AR10 Rifle - Buffer 5.4oz, 5.215” - Spring 34 coils, uncompressed 13.75”
AR10 Carbine - Buffer 5.4oz, 3.26” - Spring 34 coils, uncompressed 13.75”
DPMS 308 Rifle - Buffer 5.3oz, 5.31” - Spring 39 coils, uncompressed 12.75”
DPMS 308 Carbine - Buffer 3.4oz, 2.48” - Spring 27 coils, uncompressed 11.5”
AR15 Carbine Buffer Weights - STD 3.0oz, H 3.8oz, H2 4.6oz, H3 5.4oz
Note - Super special extra heavy buffers (H2, H3) and springs have caused me nothing but problems with anything but full power Nato spec ammo.
THE STANDARD DIRECT IMPINGEMENT GAS LENGTHSA general formula for barrel/gas system configuration is: sub-16” barrels should have carbine gas systems, 16”-18” barrels with Mid-Length gas systems, and 18”+ barrels with rifle length systems. Obviously there is some leeway, but a 20” barrel with a carbine system will probably be way over gassed and a 16” barrel with a rifle length system will generally have some under-gassed cycling issues.
Even with a properly designed system an adjustable gas block will help you fine tune the system. Once properly tuned, it will deliver you a stunningly near recoilless and reliable shooting rifle all without adding weight to your action or without changing any other components.
Grip Spring & Detent - Almost every AR owner at some point swaps their grip, however nearly every grip swap virgin usually also ends up on all fours looking for the grip spring and detent after pulling off the grip. … and then ends up having a crunchy sounding selector when reinstalled.  It should be noted that the grip itself partially holds the spring for the selector switch and the other half of the spring extends up into the selector detent hole pressing against the detent. Watch how it comes apart and prevent either crushing the spring during install or the dreaded boing of the spring across the room.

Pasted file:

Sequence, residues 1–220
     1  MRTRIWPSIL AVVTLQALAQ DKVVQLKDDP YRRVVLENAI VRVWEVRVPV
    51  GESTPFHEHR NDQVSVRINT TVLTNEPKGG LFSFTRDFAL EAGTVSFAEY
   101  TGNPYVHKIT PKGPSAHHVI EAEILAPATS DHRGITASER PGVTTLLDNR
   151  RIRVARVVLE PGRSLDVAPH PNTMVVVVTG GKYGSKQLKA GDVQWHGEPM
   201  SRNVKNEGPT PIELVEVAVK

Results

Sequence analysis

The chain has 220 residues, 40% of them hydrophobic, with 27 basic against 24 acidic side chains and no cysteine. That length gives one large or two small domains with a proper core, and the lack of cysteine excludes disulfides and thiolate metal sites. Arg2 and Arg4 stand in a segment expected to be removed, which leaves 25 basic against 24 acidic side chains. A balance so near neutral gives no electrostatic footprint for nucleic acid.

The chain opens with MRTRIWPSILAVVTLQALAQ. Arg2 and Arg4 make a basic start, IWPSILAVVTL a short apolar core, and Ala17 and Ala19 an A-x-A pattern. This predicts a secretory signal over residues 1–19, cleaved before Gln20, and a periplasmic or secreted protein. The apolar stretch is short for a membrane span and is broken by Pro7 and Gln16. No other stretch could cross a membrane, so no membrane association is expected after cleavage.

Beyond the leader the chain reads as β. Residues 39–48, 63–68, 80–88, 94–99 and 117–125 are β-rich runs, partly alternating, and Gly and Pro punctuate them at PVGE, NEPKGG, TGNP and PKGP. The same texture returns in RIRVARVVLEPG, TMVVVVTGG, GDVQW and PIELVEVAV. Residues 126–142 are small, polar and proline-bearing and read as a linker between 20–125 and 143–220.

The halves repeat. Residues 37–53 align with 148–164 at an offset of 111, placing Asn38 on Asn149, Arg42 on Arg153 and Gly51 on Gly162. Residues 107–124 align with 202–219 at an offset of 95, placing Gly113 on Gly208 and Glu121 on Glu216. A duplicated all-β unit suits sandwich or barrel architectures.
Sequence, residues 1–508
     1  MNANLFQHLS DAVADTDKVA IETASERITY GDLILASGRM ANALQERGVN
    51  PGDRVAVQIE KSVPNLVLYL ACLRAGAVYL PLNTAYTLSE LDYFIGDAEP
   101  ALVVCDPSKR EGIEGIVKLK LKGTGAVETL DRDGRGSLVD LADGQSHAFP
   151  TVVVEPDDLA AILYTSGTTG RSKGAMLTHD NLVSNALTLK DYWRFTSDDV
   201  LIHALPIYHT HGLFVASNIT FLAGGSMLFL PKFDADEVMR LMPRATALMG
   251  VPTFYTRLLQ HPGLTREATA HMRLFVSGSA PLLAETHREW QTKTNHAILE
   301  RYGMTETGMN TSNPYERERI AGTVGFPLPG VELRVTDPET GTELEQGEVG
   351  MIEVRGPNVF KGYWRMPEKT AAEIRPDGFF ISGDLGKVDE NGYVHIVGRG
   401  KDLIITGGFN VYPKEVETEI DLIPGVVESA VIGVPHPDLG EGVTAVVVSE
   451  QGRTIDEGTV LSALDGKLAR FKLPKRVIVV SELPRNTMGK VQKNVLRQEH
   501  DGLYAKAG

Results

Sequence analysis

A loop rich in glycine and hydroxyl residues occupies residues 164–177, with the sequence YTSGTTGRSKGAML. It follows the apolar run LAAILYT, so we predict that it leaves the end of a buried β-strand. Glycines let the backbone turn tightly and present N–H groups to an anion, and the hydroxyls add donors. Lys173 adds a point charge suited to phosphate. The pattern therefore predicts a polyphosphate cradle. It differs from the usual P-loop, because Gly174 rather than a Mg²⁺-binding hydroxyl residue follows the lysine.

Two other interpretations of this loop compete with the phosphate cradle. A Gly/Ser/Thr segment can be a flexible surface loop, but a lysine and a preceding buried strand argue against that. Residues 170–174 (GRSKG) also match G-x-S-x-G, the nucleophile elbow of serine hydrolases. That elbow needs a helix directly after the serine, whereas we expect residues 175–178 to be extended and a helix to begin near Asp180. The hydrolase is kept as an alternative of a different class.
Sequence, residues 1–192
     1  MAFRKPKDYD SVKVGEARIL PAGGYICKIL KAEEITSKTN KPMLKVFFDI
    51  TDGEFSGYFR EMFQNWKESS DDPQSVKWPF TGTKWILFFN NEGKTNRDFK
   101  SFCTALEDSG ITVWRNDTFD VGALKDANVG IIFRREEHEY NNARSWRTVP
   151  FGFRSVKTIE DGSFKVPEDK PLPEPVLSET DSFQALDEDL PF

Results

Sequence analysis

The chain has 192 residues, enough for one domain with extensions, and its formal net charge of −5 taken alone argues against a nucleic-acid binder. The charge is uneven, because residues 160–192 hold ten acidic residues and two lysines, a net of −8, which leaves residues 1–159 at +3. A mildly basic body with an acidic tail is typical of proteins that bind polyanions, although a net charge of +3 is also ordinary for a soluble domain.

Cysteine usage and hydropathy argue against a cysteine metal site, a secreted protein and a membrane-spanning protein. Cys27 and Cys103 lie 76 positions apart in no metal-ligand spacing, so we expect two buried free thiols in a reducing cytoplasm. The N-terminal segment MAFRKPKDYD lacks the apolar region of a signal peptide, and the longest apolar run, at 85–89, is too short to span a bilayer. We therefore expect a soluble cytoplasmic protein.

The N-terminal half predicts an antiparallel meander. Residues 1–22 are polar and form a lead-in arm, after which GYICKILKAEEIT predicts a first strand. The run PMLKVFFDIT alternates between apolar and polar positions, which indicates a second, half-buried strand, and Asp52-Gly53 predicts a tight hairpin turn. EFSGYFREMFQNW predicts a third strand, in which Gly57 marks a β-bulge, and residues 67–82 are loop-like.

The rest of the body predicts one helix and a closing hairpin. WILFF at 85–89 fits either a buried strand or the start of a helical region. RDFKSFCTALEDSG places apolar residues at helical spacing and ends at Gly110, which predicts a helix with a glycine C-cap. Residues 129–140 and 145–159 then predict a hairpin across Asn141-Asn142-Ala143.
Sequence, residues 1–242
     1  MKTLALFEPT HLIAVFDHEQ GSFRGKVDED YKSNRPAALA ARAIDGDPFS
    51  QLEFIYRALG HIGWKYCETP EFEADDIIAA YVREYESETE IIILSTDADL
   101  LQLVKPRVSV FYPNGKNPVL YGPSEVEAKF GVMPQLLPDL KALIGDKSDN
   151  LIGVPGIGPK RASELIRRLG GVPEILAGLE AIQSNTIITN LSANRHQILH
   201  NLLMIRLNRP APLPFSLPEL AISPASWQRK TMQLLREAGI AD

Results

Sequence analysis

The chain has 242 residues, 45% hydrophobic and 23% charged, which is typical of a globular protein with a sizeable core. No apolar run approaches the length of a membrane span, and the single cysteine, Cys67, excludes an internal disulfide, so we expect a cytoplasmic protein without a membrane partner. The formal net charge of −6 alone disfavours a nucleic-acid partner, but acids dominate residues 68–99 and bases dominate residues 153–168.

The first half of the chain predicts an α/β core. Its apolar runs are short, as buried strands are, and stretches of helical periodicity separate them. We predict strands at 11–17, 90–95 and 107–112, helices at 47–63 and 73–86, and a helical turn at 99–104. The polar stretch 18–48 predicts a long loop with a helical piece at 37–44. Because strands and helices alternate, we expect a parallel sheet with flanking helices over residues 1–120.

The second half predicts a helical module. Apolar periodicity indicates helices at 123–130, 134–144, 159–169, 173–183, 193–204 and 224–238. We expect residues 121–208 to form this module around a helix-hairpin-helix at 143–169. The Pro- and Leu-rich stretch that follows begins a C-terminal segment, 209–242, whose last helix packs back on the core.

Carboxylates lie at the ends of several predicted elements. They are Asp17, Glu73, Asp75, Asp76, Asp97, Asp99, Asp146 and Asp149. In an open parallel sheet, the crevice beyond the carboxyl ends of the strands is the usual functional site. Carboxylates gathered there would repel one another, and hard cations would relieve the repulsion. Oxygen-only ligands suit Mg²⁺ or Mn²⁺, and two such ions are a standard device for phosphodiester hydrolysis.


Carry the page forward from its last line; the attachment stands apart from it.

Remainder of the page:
Generally I have not had any problems with USA made steel, stainless, or aluminum magazines or with Troy’s and Magpul’s polymer mags. Other mags work well also, however I would note caution as there has been a flood of really crappy mags hit the market which I personally would run from. European mags are less forgiving than US mags as they adhere to a very tight tolerance level. Most 30-round Euro mags, such as E-Lander, are designed for a standard 28-round military spec magazine load to assure positive reloads on a closed bolt.
As any military trained person and they will tell you they only load 28-rounds in a 30-round mag just to assure positive reloads. USA mags in general are designed around the “US consumer” expectations to load a full 30-rounds, however the Euro mags are not. Also euro spec AR15 receivers are less sloppy than to what many US manufacturers adhere to, which in the end means that a Euro mag may be a bit too tight to properly cycle. Be safe and load 28 and you will have far less issues overall with any mag you use.
First and second generation DPMS 308 factory mags are specifically problematic and contribute greatly to feeding and functioning issues. With a few modificaions they can work fine, however in general, I have swapped to Magpul LR-20 magazines which have resolved a great number of 308 related functioning issues.